The little boy´s condition deteriorated during the night. He became lethargic and a swelling developed in his neck. His concerned parents – Larry and Martina – called the caredoc GP service, who advised that Eoghan be taken back to the hospital as soon as possible. On his return to the Waterford Regional Hospital, Eoghan was correctly diagnosed as having a chicken pox infection.

Eoghan was intubated and ventilated before being transferred to the Children´s Hospital in Dublin, but the correct diagnosis had come too late to prevent him from suffering a serious brain injury. Now six year of age, Eoghan is tetraplegic and cannot talk.

On her son´s behalf, Martina Keating made a claim for chicken pox misdiagnosis compensation against the Health Service Executive (HSE), alleging that there had been a failure by medical staff at the Waterford Regional Hospital to admit her son or identify the indications of a significant infection. Liability for the medical negligence that resulted in Eoghan´s condition was acknowledged by the HSE and a €2.5 million interim settlement of chicken pox misdiagnosis compensation was agreed.

As the claim for chicken pox misdiagnosis compensation had been made on behalf of a child, the interim settlement had to be approved by a judge. Consequently the sequence of events leading up to Eoghan´s brain injury and the consequences of his injury were related to Mr Justice Kevin Cross at the High Court. At the hearing, the family was also read an apology by the General Manager of Waterford Regional Hospital – Richard Dooley – for the “deficiencies in care provided to Eoghan”.

After commenting that the Keatings´ “suffering cannot be described or defined”, Judge Cross approved the interim settlement of chicken pox misdiagnosis compensation and adjourned the case for two years to allow for an assessment of Eoghan´s future needs. In two years´ time, the family will return to court for the approval of a second interim compensation settlement unless a system of periodic payments has been introduced in the intervening period.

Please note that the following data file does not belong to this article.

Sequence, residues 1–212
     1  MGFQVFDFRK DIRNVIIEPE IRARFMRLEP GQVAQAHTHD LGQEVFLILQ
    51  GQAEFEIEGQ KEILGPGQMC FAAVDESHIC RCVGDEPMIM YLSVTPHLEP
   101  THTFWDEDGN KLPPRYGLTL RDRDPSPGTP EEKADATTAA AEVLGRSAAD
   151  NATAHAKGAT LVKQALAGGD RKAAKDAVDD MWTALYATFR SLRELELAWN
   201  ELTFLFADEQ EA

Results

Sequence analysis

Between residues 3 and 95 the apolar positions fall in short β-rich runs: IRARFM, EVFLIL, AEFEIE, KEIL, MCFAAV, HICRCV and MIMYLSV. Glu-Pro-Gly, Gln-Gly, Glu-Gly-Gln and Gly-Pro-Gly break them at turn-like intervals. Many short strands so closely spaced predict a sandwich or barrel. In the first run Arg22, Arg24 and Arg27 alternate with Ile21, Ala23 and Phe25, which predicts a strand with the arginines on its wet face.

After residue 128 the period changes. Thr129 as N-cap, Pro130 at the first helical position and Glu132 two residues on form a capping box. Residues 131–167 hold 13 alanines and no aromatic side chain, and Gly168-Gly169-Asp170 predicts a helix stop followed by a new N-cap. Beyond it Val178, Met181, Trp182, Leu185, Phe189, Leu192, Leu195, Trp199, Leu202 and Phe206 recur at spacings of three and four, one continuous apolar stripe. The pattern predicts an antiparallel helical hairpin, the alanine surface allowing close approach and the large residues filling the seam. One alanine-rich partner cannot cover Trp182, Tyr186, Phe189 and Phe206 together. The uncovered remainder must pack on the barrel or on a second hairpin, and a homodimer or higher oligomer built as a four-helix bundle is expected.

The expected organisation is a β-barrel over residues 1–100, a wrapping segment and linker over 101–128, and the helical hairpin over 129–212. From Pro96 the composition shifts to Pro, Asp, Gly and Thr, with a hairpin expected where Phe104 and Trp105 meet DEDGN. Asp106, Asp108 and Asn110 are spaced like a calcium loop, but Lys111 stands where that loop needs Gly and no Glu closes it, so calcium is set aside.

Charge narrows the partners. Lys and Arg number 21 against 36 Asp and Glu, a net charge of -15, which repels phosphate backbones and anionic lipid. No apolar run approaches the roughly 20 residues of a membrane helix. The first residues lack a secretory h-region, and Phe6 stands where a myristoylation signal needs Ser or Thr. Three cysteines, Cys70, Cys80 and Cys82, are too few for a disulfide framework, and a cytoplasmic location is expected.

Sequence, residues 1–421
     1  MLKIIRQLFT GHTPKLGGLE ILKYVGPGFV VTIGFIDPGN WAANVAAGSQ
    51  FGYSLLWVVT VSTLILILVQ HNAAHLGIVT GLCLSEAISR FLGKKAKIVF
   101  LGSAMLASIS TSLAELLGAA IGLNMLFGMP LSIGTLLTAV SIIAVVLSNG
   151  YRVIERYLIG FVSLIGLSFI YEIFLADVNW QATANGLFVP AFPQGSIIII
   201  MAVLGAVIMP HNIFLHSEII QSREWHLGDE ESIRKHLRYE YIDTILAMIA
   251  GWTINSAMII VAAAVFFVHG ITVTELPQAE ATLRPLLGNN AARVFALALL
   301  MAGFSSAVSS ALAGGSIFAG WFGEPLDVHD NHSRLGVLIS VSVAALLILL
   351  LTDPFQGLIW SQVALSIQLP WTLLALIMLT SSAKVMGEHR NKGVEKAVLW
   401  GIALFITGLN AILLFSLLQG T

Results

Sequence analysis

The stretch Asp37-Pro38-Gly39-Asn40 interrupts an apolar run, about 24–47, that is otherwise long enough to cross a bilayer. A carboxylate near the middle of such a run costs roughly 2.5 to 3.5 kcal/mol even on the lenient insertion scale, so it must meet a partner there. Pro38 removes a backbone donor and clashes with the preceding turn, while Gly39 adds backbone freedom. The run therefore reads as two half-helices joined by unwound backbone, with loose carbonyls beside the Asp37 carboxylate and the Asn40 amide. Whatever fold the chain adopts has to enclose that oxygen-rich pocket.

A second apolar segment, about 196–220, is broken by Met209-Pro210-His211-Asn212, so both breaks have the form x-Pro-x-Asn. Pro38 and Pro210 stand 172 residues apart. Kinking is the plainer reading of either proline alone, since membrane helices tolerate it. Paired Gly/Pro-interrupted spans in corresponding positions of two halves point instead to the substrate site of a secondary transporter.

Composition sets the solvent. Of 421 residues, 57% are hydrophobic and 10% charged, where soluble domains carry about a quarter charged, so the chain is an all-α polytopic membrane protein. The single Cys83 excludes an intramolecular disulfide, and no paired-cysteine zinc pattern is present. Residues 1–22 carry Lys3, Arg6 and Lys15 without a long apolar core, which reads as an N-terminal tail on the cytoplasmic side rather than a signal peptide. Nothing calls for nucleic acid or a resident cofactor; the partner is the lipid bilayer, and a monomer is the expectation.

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Judge Approves Interim Settlement of Compensation for Injuries due to a Mismanaged Birth

A High Court judge has approved a €1.75 million interim settlement of compensation for injuries due to a mismanaged birth in favour of a two-year-old boy.

The claim for compensation for injuries due to a mismanaged birth was brought on behalf of Charlie Enright, whose mother Catriona was admitted to the Midwestern Regional Maternity Hospital in Limerick on 19th August 2013 when she was thirty-seven weeks pregnant.

The decision was made to induce labour and Catriona was administered Syntocinon. However, the labour-accelerating drug caused Charlie to suffer hyper-stimulation in the womb and his foetal distress was not recognised until after he had sustained an intra-cranial haemorrhage.

Charlie was born the following unable to breathe independently and was transferred to Cork University Hospital for therapeutic hypothermia treatment. Unfortunately the brain damage had already occurred and Charlie is now permanently disabled.

After seeking legal advice, Catriona claimed compensation for injuries due to a mismanaged birth on behalf of her son. The Health Service Executive (HSE) conducted an investigation into the circumstances surrounding Charlie´s birth and admitted liability for his injuries.